Posts Tagged ‘Change’

A Dangerous Place for People and for Churches

Wednesday, March 28th, 2018

We live in an era where much of what we did doesn’t work.  And more disruption appears right around the corner.

Just this morning, watched a demonstration of robotic arms leaning over a stove preparing a programmed gourmet dinner.

For some the above is a sign of progress.  For others, a portent of fear.

Churches are the same.  Increasingly access to church and messaging is virtually frictionless. 24/7.  What does that mean for Sundays? For the older art of Pastoring? For community? For the very real work of financial sustainability?

There are dangers engendered by these seismic shifts.

One to speak to very clearly that Ross Douthout penned…

The satisfaction of self-righteousness as a compensation for the lack of success

I am unsure and anxious about how to navigate the future unfolding before us.  And what I know is that the temporarily satisfying burn of an angry self-righteousness will be not be the answer.  Failing churches, for example, can either breed inflamed zealots sure the world has done them wrong or humble servants aware of the fragility of all human endeavors.  My vote remains with the latter!

We will be in need of compassion not anger in the decades ahead.

Church in North America is Changing Much Faster Than We Think

Thursday, July 27th, 2017

Church in North America is changing much faster than we think.

And there are two common, understandable reactions to change…

  1. A withdrawal, a fatigue sets in and we quit
  2. A panic, a fear sets in and we double down seeking to rediscover the illusive golden era, to return to how things were in the face of challenges around how things are.
Neither works terribly well.
And an uncomfortable truth here …. there are beautiful opportunities ahead of us but those opportunities will be cut short if we – and here I speak mostly to religious professionals – continue to see our only options as #1 or #2, in other words, if we continue to see our only options as being to quit or to be angry.   
There are many other options beyond apathy or anger, and they seem to come down to this …. love those in front of us as best we can in our own flawed ways, creating communities that God would recognize, and believe what we know to be true… that something new is forever being born.  Slowly.  Painfully.  And filled with new life.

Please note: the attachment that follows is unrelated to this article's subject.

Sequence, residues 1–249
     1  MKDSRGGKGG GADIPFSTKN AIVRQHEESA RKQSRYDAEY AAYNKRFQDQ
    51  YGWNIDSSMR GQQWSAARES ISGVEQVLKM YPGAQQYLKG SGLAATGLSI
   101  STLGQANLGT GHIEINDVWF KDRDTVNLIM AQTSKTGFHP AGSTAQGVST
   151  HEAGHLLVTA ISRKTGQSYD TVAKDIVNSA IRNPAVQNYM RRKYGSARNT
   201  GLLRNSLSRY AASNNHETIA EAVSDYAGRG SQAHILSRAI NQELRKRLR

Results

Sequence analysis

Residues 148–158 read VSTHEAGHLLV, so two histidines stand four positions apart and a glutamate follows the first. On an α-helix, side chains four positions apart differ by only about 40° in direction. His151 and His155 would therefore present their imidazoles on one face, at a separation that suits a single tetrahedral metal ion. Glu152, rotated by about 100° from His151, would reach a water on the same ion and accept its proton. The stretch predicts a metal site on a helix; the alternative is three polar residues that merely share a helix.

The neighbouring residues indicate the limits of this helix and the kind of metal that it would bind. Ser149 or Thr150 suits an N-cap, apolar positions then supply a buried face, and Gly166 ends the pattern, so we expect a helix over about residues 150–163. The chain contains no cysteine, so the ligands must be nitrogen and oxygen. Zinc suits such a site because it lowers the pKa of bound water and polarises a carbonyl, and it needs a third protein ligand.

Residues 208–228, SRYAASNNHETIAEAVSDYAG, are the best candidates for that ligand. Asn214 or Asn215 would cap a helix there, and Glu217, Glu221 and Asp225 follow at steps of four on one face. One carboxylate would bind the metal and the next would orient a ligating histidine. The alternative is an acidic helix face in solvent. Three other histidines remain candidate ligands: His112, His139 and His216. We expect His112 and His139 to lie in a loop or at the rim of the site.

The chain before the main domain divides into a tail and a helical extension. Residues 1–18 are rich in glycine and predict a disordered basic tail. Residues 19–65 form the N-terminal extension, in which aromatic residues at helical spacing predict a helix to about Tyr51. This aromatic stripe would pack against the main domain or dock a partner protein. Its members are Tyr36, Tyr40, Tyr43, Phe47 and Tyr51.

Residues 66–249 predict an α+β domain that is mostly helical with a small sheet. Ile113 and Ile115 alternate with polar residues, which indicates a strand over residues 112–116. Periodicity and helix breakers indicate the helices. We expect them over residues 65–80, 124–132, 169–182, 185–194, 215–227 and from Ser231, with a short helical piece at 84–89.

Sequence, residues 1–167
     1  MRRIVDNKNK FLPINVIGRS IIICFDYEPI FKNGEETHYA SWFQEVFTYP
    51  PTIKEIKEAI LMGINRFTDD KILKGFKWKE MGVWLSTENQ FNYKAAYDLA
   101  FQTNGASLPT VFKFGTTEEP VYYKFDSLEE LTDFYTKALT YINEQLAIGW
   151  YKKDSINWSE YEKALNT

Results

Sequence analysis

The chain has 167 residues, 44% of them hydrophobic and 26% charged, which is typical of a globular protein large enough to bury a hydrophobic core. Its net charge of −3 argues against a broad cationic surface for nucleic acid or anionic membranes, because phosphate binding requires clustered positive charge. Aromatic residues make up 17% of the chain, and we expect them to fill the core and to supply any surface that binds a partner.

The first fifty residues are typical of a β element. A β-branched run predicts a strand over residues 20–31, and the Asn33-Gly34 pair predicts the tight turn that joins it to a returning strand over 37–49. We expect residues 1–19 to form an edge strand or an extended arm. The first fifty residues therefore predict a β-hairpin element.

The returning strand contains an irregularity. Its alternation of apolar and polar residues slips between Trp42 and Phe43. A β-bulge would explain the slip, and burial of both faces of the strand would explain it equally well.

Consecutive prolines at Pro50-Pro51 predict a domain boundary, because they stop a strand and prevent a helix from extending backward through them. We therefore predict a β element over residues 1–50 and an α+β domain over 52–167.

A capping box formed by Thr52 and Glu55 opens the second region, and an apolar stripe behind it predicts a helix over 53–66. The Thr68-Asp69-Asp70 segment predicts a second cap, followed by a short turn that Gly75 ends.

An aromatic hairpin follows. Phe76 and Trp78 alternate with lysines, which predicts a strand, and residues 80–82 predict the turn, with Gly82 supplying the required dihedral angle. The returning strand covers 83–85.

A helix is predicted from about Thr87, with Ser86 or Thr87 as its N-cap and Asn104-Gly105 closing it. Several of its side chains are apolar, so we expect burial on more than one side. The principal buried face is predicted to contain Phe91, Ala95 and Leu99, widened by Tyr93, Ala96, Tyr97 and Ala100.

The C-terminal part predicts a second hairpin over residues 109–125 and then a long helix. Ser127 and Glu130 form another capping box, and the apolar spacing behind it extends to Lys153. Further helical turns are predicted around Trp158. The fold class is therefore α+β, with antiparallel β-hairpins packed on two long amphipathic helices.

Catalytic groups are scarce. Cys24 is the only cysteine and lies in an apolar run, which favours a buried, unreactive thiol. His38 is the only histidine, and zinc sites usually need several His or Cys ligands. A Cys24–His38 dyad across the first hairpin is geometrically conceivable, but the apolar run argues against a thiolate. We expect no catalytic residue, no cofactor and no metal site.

Pray for the eyes to see it and you will see it everywhere!

The Issue is Imagination

Thursday, April 13th, 2017

The issue is imagination.

The issue is moving beyond cherished and long serving ways of doing things, and finding in the process, newness. A newness connected to the old and at the same time reaching for the new.

That remains the challenges for many institutions.  And for churches seeking to serve in new ways.

What we need to ask, continually, is how are we keeping score and how are we telling our story.

The story is good.  Beautiful. And matters.

Matters so much in fact that we need to remain open and imaginative about how we tell it.

Neither do people pour new wine into old wineskins. If they do, the skins will burst; the wine will run out and the wineskins will be ruined. No, they pour new wine into new wineskins, and both are preserved. (Matt. 9:17)



“Unto Thine Own Self Be True” … or maybe not.

Friday, November 21st, 2014

Polonius, in the Shakespearean play “Hamlet”, utters the words we know so well, “Unto Thine Own Self Be True.” Schools have used  these words as a motto for shaping young minds. Countless individuals employ these words as a mantra to craft their lives.

But is it true?  Does life’s primary task come down to “Unto thine own self be true”?

Shakespeare thought not. Polonius is generally regarded as wrong in every judgment he makes over the course of the play.  The line uttered by a fool not by a seer.

There is more to “us” than “ourselves” – might that be what Shakespeare is driving at?  Left to that “self”, if it is our false self, we maroon our lives quickly in a dark space guided only by our own frenetic compulsions and accompanying judgments… a false, dingy and shallow freedom.

There remains space for a different prayer to God, as one author noted, “May I see what I do. May I do it differently. May I make this a way of life.”